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Marya D. Zilberberg, MD, MPH, FCCP; Andrew F. Shorr, MD, MPH, FCCP
Author and Funding Information

From EviMed Research Group, LLC (Dr Zilberberg); the University of Massachusetts (Dr Zilberberg); and the Washington Hospital Center (Dr Shorr).

Correspondence to: Marya Zilberberg, MD, MPH, FCCP, University of Massachusetts, School of Public Health and Health Sciences, PO Box 303, Goshen, MA 01032; e-mail: Marya@evimedgroup.org


Financial/nonfinancial disclosures: The authors have reported to CHEST the following conflicts of interest: Dr Zilberberg has participated in a speakers’ bureau supported by a grant from and has been a consultant to ViroPharma, the manufacturer of oral vancomycin. Dr Shorr has reported that no potential conflicts of interest exist with any companies/organizations whose products or services may be discussed in this article.

Reproduction of this article is prohibited without written permission from the American College of Chest Physicians (www.chestpubs.org/site/misc/reprints.xhtml).


© 2010 American College of Chest Physicians


Chest. 2010;137(4):1001-1002. doi:10.1378/chest.09-2733
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To the Editor:

We appreciate Dr Porath’s attention to the connection between gastric acid suppressive medications and Clostridium difficile infection (CDI). Indeed, several observational studies have noted an elevated risk conferred by the use of H2 blockers as well as proton pump inhibitors (PPIs) for the development of such infectious complications as CDI and pneumonia.1-3 In this context, and as with every intervention undertaken in medicine, the risk-benefit ratio of stress ulcer prophylaxis (SUP) needs to be examined for each critically ill patient individually. In fact, despite the ubiquitous use of this process of care as a quality indicator within the ventilator bundle,4 a measured approach is recommended by the evidence-based practice guideline developed jointly by the Infectious Diseases Society of America and the American Thoracic Society.5 SUP decisions should engender two questions: (1) “Does the benefit of SUP outweigh its risk for my patient?” If the answer is “yes,” then (2) “What is the best choice of SUP agent for my patient, given his/her bleeding risk in conjunction with the risk of developing a nosocomial infection?” Although PPIs appear to be more effective than H2 blockers at reducing the incidence of gastrointestinal bleeding, they are also more frequently associated with nosocomial infections.1,3,6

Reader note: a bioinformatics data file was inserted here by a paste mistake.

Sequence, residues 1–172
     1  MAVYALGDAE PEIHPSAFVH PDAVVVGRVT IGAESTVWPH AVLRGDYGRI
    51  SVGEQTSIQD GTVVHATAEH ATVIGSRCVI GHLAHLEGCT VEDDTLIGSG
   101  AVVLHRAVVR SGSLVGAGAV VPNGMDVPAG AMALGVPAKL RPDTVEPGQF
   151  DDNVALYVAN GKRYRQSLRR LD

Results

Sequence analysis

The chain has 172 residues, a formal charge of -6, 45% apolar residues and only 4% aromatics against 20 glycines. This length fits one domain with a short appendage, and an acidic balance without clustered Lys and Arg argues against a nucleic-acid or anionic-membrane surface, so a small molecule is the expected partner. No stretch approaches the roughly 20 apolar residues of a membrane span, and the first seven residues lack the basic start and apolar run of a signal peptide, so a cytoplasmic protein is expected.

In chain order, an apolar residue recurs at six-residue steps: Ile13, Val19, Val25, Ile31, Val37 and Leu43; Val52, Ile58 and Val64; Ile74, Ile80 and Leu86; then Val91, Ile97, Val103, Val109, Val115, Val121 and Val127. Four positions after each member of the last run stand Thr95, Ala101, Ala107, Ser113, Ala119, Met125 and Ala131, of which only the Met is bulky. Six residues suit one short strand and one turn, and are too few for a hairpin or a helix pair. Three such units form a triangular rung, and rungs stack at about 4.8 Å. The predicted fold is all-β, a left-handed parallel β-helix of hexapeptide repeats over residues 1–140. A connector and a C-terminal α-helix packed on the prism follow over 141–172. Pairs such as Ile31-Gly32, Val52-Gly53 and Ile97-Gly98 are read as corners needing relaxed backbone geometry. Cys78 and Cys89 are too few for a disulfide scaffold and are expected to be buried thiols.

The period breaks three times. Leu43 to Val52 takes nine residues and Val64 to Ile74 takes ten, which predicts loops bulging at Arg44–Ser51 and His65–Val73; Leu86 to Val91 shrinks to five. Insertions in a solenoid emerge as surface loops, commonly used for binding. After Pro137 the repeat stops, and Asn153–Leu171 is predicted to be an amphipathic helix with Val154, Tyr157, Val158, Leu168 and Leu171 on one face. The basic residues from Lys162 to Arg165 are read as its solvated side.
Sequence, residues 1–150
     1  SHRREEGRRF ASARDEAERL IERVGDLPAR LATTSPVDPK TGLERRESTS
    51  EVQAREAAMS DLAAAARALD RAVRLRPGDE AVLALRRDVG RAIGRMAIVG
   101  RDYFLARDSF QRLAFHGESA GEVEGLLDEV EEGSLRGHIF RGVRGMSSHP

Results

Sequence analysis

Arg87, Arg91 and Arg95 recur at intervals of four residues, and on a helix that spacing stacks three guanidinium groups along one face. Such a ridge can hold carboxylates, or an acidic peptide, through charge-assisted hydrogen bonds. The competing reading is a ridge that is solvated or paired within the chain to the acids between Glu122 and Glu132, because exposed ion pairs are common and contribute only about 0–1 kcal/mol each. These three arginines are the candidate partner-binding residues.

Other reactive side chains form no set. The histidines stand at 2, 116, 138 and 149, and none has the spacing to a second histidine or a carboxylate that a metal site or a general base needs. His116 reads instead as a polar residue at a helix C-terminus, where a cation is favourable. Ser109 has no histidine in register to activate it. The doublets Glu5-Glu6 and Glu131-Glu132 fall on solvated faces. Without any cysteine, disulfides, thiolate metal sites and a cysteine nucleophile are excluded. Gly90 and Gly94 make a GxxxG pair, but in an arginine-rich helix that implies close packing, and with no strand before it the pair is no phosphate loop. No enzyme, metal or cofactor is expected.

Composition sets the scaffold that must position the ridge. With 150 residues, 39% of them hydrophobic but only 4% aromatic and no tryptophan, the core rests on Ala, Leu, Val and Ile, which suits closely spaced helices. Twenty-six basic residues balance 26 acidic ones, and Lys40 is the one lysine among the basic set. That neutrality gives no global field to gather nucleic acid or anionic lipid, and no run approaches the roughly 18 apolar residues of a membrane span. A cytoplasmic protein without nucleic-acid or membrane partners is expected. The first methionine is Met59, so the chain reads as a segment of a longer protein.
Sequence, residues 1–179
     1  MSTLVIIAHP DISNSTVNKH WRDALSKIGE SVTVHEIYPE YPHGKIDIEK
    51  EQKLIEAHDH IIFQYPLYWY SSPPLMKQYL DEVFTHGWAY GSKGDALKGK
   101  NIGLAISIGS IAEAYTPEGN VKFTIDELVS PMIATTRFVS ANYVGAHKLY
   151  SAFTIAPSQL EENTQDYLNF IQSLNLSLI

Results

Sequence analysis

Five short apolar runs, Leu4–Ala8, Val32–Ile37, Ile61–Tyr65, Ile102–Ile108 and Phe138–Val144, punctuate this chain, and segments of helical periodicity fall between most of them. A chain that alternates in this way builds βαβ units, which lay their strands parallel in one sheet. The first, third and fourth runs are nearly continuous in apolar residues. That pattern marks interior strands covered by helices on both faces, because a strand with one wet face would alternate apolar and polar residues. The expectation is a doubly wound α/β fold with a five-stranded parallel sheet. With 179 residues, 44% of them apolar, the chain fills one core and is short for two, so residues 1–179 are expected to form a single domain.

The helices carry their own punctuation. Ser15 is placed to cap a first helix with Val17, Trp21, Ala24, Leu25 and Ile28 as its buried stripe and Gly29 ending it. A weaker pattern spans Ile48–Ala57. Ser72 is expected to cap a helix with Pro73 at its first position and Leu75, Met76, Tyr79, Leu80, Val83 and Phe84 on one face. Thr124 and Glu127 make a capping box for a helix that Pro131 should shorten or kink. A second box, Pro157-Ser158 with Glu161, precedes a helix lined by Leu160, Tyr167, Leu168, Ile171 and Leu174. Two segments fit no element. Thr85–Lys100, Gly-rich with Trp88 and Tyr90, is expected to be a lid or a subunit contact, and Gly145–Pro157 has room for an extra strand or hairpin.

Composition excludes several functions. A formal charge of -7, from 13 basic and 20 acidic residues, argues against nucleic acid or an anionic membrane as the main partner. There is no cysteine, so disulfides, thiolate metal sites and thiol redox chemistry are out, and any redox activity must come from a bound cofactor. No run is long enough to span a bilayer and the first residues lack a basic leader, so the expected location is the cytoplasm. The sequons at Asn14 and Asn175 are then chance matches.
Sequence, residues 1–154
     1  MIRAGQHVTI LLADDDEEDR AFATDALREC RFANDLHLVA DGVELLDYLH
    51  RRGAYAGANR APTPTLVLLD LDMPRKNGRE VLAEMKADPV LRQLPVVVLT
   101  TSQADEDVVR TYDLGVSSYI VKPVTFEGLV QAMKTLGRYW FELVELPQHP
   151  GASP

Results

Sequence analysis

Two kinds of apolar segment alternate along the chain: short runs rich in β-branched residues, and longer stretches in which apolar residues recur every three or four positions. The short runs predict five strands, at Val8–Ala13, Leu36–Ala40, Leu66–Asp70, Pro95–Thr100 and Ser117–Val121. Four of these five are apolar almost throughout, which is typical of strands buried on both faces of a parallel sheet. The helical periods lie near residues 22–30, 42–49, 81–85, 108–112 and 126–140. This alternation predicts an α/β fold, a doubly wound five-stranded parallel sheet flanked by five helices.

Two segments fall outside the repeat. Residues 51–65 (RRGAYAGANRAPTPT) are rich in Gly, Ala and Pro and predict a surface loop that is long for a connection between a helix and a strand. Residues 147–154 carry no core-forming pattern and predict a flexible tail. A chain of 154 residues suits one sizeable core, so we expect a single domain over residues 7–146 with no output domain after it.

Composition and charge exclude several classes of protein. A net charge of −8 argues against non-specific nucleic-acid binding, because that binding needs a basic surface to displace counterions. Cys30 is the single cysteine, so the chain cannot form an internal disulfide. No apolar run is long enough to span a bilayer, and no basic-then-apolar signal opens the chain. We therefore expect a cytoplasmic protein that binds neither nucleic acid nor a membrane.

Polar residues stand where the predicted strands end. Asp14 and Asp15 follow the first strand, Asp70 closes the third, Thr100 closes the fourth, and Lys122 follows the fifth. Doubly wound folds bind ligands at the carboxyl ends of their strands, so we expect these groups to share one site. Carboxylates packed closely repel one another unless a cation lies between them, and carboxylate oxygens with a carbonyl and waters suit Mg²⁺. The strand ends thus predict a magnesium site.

Although in our study we were unable to quantify the impact of either antibiotic or SUP use on the rates of CDI in the population requiring prolonged acute mechanical ventilation,7 studies suggest that gastric suppressive agents are egregiously overused in US hospitals, and PPIs specifically, although started in the hospital as SUP, are frequently continued after discharge without any clinical indication for their use.8 Thus, far from being a part of an automatic electronic order set for any mechanically ventilated patient, the decisions to initiate and terminate SUP should be considered carefully and individually. We wholly agree with Dr Porath that both initiation of SUP and its continuation beyond the ICU and the hospital require meticulous attention in order to minimize individual and public burden from such costly nosocomial complications as CDI.